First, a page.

Sunday, August 7, 2016

Kiki Smith - Woven Tales

Tony Smith (1912-1980) was famous for his large geometric steel sculptures. While they could be very effective in a sculpture garden, I cannot say I was ever really drawn to them.  For me they were too cold. Not true of his daughter Kiki (1954- ) who was born in West Germany and came to South Orange, New Jersey as an infant.

Kiki Smith has gone in a different direction as an artist.  Her subjects involve sex, birth and regeneration.  In the late 80’s and 90’s after the deaths of her father and her sister she addressed such subjects as AIDS, gender and race.  In recent times her focus has been the human condition in relation to nature.

For me Kiki Smith’s work has been rather haunting and I cannot make up my mind if the exhibition I saw on its last day at the Gerald Peters Gallery in Santa Fe was haunting or enchantingly beautiful.

Kiki Smith, together with another of my favorite contemporary artists Chuck Close (1940-), known for his over life size portraits, has revitalized the art of tapestry weaving by turning their digital work into textiles using a programmable loom.

Chelsea Weathers wrote in Art Forum that in Kiki Smith’s talk at Peters Projects she cited the medieval French Apocalypse Tapestry and the weavings of the “hippie movement” as examples of the long tradition to which the eleven tapestries in this show belong.  To make the tapestries she scanned her mixed media collages to create over 9 foot tapestries and programmed a Jacquard Loom to weave a draft of each composition.  She made several revisions as she refined her technique making the images in the words of Ms. Weathers “Other Worldly”.  That is what I believe attracted me.

I have discussed before that you can make up your own mind as to what an image represents and means.  Kiki Smith gave single word titles to her woven images and did not want them on walls next to the hangings so they would not interfere with their visual impact.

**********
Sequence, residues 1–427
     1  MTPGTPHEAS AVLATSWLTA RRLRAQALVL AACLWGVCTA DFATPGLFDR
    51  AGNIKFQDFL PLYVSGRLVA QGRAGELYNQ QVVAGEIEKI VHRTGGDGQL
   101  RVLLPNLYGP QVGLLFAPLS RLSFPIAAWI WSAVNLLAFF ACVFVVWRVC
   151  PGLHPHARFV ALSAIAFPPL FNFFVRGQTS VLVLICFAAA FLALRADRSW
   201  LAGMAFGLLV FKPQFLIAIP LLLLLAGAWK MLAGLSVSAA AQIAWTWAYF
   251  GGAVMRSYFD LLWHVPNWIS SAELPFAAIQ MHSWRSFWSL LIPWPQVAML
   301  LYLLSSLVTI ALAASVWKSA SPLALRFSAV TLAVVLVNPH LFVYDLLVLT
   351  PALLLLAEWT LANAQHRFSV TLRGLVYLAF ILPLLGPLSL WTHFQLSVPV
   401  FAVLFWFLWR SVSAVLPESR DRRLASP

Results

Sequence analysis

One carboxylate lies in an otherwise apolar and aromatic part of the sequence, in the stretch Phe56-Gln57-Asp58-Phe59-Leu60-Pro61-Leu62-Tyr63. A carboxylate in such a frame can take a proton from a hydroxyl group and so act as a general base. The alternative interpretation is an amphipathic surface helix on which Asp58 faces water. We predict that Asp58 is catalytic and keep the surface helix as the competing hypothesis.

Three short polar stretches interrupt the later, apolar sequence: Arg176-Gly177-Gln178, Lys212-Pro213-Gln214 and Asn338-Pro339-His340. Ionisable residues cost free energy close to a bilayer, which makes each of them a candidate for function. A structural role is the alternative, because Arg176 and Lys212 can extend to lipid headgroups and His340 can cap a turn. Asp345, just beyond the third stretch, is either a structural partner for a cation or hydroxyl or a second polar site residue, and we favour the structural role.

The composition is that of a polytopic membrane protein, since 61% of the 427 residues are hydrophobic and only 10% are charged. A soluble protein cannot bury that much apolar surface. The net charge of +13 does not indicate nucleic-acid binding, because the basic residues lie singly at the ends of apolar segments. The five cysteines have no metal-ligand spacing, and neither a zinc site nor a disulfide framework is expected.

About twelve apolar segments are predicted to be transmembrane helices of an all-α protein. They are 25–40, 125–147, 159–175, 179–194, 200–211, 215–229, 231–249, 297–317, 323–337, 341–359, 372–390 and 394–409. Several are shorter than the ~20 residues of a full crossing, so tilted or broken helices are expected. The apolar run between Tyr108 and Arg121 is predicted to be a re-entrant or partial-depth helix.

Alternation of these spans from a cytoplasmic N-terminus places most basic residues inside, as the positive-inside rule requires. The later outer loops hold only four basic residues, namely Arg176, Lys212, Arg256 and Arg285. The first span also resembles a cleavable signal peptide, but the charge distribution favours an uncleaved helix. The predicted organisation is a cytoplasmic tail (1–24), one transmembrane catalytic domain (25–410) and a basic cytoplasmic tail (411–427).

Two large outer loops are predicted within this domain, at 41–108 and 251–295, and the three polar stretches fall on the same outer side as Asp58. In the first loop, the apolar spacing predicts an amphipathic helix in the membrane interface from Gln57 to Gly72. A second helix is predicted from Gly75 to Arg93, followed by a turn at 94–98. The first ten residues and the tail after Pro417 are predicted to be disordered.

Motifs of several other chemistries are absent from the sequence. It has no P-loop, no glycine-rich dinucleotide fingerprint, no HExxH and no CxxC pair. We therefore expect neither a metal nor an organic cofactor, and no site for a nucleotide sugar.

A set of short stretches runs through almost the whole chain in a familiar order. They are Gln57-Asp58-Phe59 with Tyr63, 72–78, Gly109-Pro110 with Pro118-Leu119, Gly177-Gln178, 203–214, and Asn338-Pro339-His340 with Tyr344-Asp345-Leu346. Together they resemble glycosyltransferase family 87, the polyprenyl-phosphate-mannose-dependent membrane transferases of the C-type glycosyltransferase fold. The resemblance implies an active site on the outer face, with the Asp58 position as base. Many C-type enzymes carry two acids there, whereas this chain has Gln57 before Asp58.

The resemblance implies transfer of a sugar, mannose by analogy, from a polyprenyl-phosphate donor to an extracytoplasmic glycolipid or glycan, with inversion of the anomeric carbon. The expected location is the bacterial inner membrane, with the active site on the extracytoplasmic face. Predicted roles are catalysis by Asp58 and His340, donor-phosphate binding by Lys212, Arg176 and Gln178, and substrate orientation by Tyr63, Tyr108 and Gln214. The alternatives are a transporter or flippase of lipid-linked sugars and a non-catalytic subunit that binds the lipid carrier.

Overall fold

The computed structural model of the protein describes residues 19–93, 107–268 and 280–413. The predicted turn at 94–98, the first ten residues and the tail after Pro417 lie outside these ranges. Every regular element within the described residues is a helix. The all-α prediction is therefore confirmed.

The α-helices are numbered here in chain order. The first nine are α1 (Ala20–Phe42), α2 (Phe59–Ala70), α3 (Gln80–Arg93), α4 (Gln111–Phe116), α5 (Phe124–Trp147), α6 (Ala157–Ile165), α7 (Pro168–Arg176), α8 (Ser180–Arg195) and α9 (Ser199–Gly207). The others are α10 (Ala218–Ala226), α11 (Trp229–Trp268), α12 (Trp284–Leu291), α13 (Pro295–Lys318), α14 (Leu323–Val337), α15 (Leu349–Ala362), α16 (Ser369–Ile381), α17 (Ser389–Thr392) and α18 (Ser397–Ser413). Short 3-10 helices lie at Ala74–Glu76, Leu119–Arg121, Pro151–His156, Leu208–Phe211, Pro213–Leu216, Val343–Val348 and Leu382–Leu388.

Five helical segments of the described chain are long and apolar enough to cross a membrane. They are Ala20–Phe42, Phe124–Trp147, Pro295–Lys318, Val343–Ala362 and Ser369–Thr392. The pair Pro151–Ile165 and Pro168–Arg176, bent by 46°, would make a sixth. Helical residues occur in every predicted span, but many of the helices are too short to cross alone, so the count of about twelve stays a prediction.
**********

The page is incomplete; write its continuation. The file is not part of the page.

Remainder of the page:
Taking four of them chronologically, the first is called “Sky” 2011 and is the least atmospheric, with a figure that appears to me to be more under water than in the sky.  One of my art history teachers in college was an artist and I drove him most days to school and home again.  I remember being in his studio when he was going to have a gallery exhibition and he had all the work done but had not put titles on the pictures, so we rushed around his studio slapping names on the backs of the paintings.  I do not know Kiki Smith’s methodology but it does not matter.  While I am looking at a work of art it is mine and no one else’s, and I am free to decide what I am looking at.

In “Underground” 2012 I thought that the naked man was entwined in tree limbs or roots, but was the artist thinking of some kind of hell since it is underground.  Who knows?

To the artist “Spinners” is clearly about webs, but to me it’s like a light show with moths and bursts of light in between, maybe turning them into butterflies.  At least that is what I see.

Last but not least, “Harbor” 2015, water, rocks and soaring birds.  Are they circling for prey or have they spotted a carcass or is it just a beautiful day to circle around the rock?  There are stars there are clouds is it night or day?  So much to wonder about.

There are ten  tapestries in each edition at the pricey figure of $75,000 each, but if you hang one of these on your wall you don’t need anything else to occupy the space

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